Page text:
When it comes to vitamin D sun presents an interesting paradox. Your skin produces vitamin D when you spend enough time in unfiltered sunlight as it reacts to the UV (A and B) radiation in the rays of the sun.
There is no easier or more natural to get your daily value out of the vitamin D sun relation. Unfortunately, spending too much time in the sun also puts you in danger of developing skin cancer, which is definitely worse than not getting enough vitamin D.
On the other hand, vitamin D is increasingly being found to help prevent and fight the progress of cancers in various studies around the world, so what’s a sunbather to do?
The NIH (National Institutes of Health) recommends you not spend too much time out in the sunlight unprotected by clothing, glass, and/or sunscreen, due to the danger of skin cancer or other skin damage.
Even if a lot of exposure to the sun does not result in skin cancer, it is still tied to other skin disorders and premature aging of the skin, so you should certainly not be overdoing it.
However, there can be no doubt that getting a small amount of sunlight, especially during the months of the year when it is strong enough on your latitude to produce vitamin D in skin is very good for you.
Humans did not evolve to be subterranean. Our skin is specifically designed to process sunlight and to turn it into something necessary for the health of our bodies.
One thing to be aware of if you are planning to risk the potentially damaging effects of the sun and spend some time outside anyway is that skin pigmentation.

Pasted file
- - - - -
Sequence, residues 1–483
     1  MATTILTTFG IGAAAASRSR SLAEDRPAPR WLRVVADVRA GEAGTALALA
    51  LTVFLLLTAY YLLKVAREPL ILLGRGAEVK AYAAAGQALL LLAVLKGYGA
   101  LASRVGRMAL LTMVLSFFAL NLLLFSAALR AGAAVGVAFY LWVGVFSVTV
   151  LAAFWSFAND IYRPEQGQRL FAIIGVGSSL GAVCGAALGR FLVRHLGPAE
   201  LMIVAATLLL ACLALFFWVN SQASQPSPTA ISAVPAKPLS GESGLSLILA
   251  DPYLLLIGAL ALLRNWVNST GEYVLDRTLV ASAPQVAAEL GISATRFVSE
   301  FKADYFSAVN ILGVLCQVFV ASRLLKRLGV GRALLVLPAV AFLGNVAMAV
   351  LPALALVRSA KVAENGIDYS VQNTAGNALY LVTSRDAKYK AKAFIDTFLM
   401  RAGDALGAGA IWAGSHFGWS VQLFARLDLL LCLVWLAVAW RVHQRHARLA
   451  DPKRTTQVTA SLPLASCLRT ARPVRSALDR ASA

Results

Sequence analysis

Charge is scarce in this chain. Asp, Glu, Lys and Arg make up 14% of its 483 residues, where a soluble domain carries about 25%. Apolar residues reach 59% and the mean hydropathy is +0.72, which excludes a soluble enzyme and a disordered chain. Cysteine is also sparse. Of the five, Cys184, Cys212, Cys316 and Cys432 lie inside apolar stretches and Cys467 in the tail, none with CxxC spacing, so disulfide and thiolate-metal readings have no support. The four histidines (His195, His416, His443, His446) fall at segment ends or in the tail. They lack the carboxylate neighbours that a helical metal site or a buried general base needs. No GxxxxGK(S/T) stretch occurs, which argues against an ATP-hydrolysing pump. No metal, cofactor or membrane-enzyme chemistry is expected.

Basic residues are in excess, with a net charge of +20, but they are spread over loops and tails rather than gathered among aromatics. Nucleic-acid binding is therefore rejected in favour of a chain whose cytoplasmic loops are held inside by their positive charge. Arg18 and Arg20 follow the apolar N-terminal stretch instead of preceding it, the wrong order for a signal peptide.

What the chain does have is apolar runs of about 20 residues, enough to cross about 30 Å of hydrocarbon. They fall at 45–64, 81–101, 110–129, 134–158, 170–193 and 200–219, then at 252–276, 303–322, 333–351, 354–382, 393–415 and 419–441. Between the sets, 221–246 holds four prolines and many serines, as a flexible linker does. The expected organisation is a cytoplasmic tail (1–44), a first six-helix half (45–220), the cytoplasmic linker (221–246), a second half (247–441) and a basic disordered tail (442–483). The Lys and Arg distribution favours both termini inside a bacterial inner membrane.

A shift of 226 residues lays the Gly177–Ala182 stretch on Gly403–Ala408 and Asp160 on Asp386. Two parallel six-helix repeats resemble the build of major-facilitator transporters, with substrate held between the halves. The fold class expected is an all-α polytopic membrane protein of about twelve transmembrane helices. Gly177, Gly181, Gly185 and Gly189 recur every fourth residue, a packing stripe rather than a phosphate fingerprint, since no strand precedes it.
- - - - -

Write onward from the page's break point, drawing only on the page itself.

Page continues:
How dark your skin is, has a lot to do with how much vitamin D your skin is able to synthesize in a given amount of time.
The darker your skin is, the more time it takes to make enough vitamin D in sun, but darker skinned people also have more natural protection against sunburn, skin damage and skin cancer.
On the other hand, the lighter your skin is, the faster you will sunburn, and if you are not wearing at least some sun block or other skin protection, odds are you may develop that sunburn before your skin has had a chance to synthesize enough vitamin D.
Fair skinned people may be able to improve their sun tolerance by gradually building up a tan, but for some people even that does not work.
In any case, if you are at an increased risk for skin cancer you should always make sure to wear sun block, enough layers of clothing, and not spend too much time in direct sunlight.
If you want to control the amount of UV radiation you are exposed to but still get your own skin to produce vitamin D sun vitamin D sun may not be as good an option as a tanning bed.
Or, if you just want the vitamin D without the tan, you can always get it through your diet, by taking supplements or increasing your intake of fatty fish, eggs and vitamin D fortified foods.
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